Lincoln’s Climate Action Plan is Already Making an Impact

I left a meeting with the Mayor’s Environmental Task Force in Lincoln last week feeling excited and proud of the great work Lincoln has done in just nine months since the City adopted its Climate Action Plan!

Verdis Group co-created Lincoln’s Climate Action Plan throughout 2019 and 2020 and the plan was formally adopted in March 2021. The City is collaborating with Lincoln Public Schools and the University of Nebraska-Lincoln to scale up the impact.

Here are some highlights of the the progress Lincoln has made since the Climate Action Plan was adopted earlier this year:

  • One of our main recommendations to the City was to prioritize securing a second source for water. Lincoln’s current and only source has been impacted by heavy flooding from extreme weather events, and climate change will only exacerbate this risk. Lincoln officials said they are examining local resources and discussing funding options with federal partners to near a decision. 
  • The City recently formed a Salt Creek Resiliency Task Force to focus on floodplain management measures along Salt Creek, which runs through downtown Lincoln and gets most of the stormwater runoff generated within the entire county. This is great news for the vulnerable populations that live alongside it.
  • Sustainable agriculture initiatives are gaining momentum. The City updated its contracts with tenant farmers to require that they use regenerative agricultural practices on all City-owned land.
  • The City is already transitioning its fleet to electric and low emission vehicles. 
  • Lincoln Public Schools, a district of about 42,000 students, now diverts a majority (54%) of its waste from the landfill thanks to increased composting and recycling. Verdis Group advised LPS two years ago on sustainable features they could incorporate into two planned high schools. The construction of those schools is now underway, and each site is filled with climate-smart features including bio-retention cells, permeable pavement, wetlands, and other additions such as EV chargers.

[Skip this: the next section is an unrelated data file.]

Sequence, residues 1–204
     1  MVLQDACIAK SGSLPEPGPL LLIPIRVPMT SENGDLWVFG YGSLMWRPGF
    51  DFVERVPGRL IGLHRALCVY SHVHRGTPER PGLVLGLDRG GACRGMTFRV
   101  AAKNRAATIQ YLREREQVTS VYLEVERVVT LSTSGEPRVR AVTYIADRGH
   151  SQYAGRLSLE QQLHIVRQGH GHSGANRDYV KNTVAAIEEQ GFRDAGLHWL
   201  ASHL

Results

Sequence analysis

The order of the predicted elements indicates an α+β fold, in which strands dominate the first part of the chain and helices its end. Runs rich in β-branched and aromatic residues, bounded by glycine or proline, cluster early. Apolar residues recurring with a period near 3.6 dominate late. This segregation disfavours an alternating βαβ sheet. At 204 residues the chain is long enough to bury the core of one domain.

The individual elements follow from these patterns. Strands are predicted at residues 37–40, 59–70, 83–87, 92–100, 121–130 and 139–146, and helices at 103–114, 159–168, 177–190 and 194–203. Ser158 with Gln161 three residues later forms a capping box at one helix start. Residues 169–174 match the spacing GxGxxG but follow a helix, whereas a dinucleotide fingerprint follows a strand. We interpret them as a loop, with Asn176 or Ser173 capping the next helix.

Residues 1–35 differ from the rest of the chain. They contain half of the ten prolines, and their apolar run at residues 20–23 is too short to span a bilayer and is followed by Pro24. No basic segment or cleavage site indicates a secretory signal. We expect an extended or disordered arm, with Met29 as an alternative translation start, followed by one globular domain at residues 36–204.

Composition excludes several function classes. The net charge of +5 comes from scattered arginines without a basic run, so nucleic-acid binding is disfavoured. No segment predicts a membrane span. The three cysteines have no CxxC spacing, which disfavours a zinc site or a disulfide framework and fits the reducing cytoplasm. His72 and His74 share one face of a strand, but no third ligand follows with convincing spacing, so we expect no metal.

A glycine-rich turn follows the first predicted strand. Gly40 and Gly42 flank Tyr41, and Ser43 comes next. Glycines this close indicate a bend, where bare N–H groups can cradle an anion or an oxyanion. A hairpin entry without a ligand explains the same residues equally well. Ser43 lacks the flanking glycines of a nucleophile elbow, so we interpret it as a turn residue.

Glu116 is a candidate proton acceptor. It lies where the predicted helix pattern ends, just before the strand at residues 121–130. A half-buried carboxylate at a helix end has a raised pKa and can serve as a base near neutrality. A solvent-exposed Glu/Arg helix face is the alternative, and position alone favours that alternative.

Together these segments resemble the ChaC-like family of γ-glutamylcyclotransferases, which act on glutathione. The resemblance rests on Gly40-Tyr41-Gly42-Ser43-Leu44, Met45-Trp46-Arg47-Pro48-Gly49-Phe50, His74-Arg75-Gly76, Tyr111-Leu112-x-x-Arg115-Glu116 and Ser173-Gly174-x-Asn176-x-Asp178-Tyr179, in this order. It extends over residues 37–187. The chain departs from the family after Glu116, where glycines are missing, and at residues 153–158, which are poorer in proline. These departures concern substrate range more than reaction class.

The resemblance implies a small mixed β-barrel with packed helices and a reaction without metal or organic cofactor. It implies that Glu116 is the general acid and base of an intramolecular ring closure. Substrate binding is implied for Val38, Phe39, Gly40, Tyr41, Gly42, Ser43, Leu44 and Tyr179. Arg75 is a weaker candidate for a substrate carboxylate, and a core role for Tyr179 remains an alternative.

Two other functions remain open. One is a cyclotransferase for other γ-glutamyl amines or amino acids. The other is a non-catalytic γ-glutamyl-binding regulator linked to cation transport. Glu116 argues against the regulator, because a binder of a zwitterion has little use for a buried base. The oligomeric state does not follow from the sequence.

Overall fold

• The Climate Action Plan is inspiring residents to launch their own efforts. The Mayor’s Environmental Task Force heard examples including high schoolers starting a hydroponic garden and church groups starting tree-planting projects. These decentralized projects are a positive sign that residents feel a sense of shared ownership of the City’s goals. 
  • Lincoln’s success to date, in part, has inspired the City of Omaha to pursue their own Climate Action Plan. We expect to see a lot more about that project early next year.

Keep up the great work, Lincoln! To learn more about our climate planning process at Verdis Group, visit our website to download our free guide to creating a successful Climate Action Plan and read about our new Net Zero Pathway model. Follow us on LinkedIn, Facebook, and Twitter.

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